> produced the following articles (the first of which may very well answer all
> your questions - or may not as is the nature of things academic):
> 
> Butler, Lawrence A. S. 'Suffragan bishops in the medieval diocese of York'.
> Northern History, 37 (2000), 49-60. Publisher: Maney. ISSN 0078172X.
> 
> O'Connor, Donal. 'Eugenius, bishop of Ardmore and Suffragan at Lichfield
> (1184-5)'. Decies: Journal of the Waterford Archaeological & Historical
> Society, 60 (2004), 71-90.
> 
> Smith, David M. (David Michael). 'Suffragan bishops in the medieval diocese
> of Lincoln'. Lincolnshire History and Archaeology, 17 (1982), 17-27. ISSN
> 04594487.
> 
> Smith, David M. (David Michael). 'The episcopate of Richard, bishop of St.
> Asaph : a problem of twelfth century chronology'. Publications of the
> Historical Society of the Church in Wales, 24 (1974), 9-12.
> 
> Dahlerup, Troels. 'Orkney Bishops as Suffragans in the Scandinavian-Baltic
> Area : an aspect of the late medieval church in the North'. In Simpson,
> Grant Gray (ed.), Scotland and Scandinavia, 800-1800 (Edinburgh, 1990),
> 38-47.
> 
> I hope this is of some use.
> 
> Best wishes
> Rosemary Hayes
> 
> 
> ----- Original Message -----
> From: "John Briggs" <[log in to unmask]>
> To: <[log in to unmask]>
> Sent: Saturday, March 15, 2008 4:24 PM
> Subject: Re: [M-R] Sufragan Bishops
> 
> 
>> medieval-religion: Scholarly discussions of medieval religion and culture
>> 
>> John Briggs wrote:
>>> 
>>> Perusing the edition of the Pontifical of Christopher Bainbridge,
>>> Archbishop of York, I discover that his suffragan was John Hatton,
>>> Archdeacon of Nottingham and Bishop of Negropont.  Wasn't that rather
>>> unusual?  I was under the impression that in late medieval England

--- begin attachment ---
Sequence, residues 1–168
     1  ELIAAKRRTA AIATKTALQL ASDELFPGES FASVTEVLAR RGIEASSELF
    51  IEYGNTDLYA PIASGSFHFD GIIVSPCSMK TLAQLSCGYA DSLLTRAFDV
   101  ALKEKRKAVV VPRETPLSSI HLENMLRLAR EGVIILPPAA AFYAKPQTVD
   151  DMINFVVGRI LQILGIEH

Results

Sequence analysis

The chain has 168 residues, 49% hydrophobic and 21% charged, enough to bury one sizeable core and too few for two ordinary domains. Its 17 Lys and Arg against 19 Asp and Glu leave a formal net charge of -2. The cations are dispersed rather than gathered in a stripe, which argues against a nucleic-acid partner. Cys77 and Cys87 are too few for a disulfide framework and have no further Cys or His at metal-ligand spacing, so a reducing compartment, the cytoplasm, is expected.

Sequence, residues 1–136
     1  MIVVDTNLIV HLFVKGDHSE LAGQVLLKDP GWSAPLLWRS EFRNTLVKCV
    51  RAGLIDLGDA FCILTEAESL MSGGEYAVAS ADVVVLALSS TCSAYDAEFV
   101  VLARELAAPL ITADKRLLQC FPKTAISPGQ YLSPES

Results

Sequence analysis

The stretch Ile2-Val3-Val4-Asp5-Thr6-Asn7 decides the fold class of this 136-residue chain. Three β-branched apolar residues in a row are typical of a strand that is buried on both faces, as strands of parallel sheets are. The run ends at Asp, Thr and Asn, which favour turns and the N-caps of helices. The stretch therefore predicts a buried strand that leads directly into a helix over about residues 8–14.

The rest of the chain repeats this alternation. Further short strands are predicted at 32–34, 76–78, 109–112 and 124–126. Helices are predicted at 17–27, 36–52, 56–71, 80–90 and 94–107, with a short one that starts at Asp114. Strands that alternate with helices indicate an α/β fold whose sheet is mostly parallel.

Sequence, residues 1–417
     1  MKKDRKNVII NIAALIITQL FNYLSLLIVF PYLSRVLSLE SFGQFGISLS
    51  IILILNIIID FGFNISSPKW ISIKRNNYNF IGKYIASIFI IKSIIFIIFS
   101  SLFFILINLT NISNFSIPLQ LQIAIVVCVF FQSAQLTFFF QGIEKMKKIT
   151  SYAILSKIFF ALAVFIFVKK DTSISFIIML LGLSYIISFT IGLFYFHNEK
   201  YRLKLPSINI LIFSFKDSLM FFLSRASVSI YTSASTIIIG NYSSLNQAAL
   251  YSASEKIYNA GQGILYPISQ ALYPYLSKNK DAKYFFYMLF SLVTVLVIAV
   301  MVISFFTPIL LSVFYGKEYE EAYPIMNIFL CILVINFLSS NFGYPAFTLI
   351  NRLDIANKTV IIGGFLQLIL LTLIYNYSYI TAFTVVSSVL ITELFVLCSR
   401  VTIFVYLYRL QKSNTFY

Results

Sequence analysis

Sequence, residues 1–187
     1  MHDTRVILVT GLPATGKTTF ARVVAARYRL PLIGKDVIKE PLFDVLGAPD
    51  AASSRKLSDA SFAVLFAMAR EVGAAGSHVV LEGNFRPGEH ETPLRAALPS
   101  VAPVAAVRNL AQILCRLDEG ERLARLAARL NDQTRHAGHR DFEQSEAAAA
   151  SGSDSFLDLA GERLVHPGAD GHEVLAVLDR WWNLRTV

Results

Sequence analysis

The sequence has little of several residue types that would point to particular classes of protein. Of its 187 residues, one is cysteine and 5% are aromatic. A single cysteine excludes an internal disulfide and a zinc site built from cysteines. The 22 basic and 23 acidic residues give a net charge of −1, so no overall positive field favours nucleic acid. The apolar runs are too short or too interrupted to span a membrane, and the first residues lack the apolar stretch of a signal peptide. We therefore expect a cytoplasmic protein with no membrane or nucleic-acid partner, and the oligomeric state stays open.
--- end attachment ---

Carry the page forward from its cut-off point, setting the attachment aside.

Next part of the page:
>>> suffragan bishops were usually Irish bishops - or rather, that
>>> recourse was had to someone whose nominal see was in Ireland, but who
>>> rarely went near the place.  Are there any other instances of having
>>> one of your own clergy appointed to a titular see?
>> 
>> OK, to answer my own question: I don't have access to sources that people
>> have mentioned, so I have had recourse to a crude online version of
>> Stubbs' Registrum Sacrum Anglicanum.  It would appear that Hatton was
>> appointed Prebendary of Givendale (York) in 1503; and Prebendary of
>> Ulleskelf in 1504. He was appointed Archdeacon of Nottingham in 1506,
>> having apparently become Bishop of Negropont (in partibus infidelium) the
>> same year.  He was appointed as Suffragan by Bainbridge when he became
>> Archbishop of York in 1508, but it seems to me likely that Hatton had been
>> Suffragan to Bainbridge's predecessor, Thomas Savage. (Just to complicate
>> matters, Bainbridge had been Dean of York from 1503 to 1505, so would have
>> known Hatton.) Hatton was succeeded as Bishop of Negropont in 1515 (he
>> died in 1516) by Richard Wilson, Prior of Drax, who was Suffragan to
>> Thomas Wolsley 1515-18. I still see him as an "in-house" appointment,
>> which doesn't seem to be the general pattern.
>> 
>> The use of Suffragans in partibus infidelium becomes increasingly popular
>> from 1340 until 1534, when following the Act of Supremacy they are
>> superseded by the Suffragan Bishops Act [still in force - authorising
>> their appointment and allowing them to take the titles of towns within the
>> diocese], England having lost contact with the "partes infidelium"...
>> 
>> John Briggs
>>